Life & Health

AyA Hires Company to Remove Arsenic in Water

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The Costa Rican Institute of Aqueducts and Sewers (AyA – Instituto Costarricense de Acueductos y Alcantarillados) confirmed that they had hired the company Turbina S.A. to remove arsenic from the wáter of seven communities in Guanacaste and northern Alajuela on Wednesday, January 29.

The company will be placed in charge of supplying and installing arsenic removal equipment that will benefit the communities of Bebedero de Cañas, Quintas Don Miguel, Falconiana and Agua Caliente-Montenegro de Bagaces, Santa Cecilia del Amparo and Cristo Rey de Los Chiles.

According to Dr. Carlos Vargas, of AyA’s Office of Investigation and Development, once the company is confirmed and the work order approved, the company will have one month to present the final designs, construction plans and corresponding schedules. After that, they will have four months to complete the construction of public works and the importation, installation and operation of the equipment.

“Posteriormente a esta fase, la empresa tendrá 15 días para poner en funcionamiento los equipos, de ahí en adelante entrarán a operar por 6 meses, y de esta forma AyA evaluará el funcionamiento de los equipos” dijo el Dr. Vargas.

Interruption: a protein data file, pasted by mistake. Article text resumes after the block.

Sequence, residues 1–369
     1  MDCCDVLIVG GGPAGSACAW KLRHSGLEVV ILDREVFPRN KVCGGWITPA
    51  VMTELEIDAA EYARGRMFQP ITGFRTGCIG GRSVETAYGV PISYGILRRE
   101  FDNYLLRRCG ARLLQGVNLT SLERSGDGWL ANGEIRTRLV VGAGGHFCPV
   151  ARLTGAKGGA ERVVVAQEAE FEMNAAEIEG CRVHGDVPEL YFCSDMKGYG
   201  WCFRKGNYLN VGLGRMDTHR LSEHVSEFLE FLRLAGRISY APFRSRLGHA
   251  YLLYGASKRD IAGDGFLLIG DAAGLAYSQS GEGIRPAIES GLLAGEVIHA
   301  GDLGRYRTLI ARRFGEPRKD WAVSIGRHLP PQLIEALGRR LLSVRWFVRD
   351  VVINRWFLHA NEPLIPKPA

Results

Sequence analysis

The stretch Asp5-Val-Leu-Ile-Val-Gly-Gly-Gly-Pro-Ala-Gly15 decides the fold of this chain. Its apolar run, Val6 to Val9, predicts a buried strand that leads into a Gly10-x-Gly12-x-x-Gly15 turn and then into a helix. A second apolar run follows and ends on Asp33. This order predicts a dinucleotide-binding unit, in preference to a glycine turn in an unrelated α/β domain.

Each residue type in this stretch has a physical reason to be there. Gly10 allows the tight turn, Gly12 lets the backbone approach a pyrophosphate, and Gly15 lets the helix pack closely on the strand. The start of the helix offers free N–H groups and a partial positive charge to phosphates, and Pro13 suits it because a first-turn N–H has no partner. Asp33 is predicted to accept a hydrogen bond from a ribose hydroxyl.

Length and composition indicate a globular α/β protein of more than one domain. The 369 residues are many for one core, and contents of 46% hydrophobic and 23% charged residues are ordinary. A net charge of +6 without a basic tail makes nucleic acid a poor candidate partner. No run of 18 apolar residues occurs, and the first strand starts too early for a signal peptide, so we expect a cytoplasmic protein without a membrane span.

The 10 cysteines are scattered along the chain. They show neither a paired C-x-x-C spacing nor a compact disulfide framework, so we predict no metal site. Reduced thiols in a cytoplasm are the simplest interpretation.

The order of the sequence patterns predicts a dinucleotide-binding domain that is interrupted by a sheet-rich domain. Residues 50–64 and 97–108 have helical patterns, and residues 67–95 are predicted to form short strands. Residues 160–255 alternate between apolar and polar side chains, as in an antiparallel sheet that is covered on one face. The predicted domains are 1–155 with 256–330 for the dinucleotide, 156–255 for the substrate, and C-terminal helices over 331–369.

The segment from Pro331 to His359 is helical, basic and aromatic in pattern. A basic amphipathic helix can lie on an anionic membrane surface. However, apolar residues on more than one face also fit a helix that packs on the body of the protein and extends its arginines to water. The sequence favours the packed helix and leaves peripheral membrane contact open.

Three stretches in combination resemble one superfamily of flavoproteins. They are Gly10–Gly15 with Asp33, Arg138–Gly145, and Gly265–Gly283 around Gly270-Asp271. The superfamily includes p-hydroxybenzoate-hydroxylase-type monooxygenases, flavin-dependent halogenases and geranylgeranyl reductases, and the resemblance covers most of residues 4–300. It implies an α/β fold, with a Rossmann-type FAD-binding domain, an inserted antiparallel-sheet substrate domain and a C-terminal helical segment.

“After that phase, the company will have 15 days to get the equipment working, and thereafter they will work for six months, and that is how AyA will evaluate the performance of the equipment,” said Dr. Vargas.

According to an AyA press release, as of this date the situation has been definitely resolved for 28,152 people who were originally at risk. For the remaining 10,526 people, water will be provisionally supplied while the installation of this removal equipment in the seven communities is finished. In addition, during the first half of 2014, the final solutions for the other communities will be concluded, in which improvements are being built through interconnections or by capturing new sources.

Dr. Vargas indicated, “We insist that people use the water we’re supplying in cisterns to drink and prepare food, and the aqueduct’s water for cleaning and hygiene at home.”

According to the World Health Organization, arsenic is a carcinogenic poison that is naturally present in high levels in the groundwater of some countries.

In June, the Constitutional Court gave AyA a period of six months to determine the causes of pollution, still unknown, and to provide drinking water in the affected areas

Vargas specified to The Voice that in areas like Nicoya, Hojancha or Santa Cruz, existing data shows no arsenic in their water sources, and they have now conducted 3,800 analyses throughout Costa Rica, scanning 700 locations.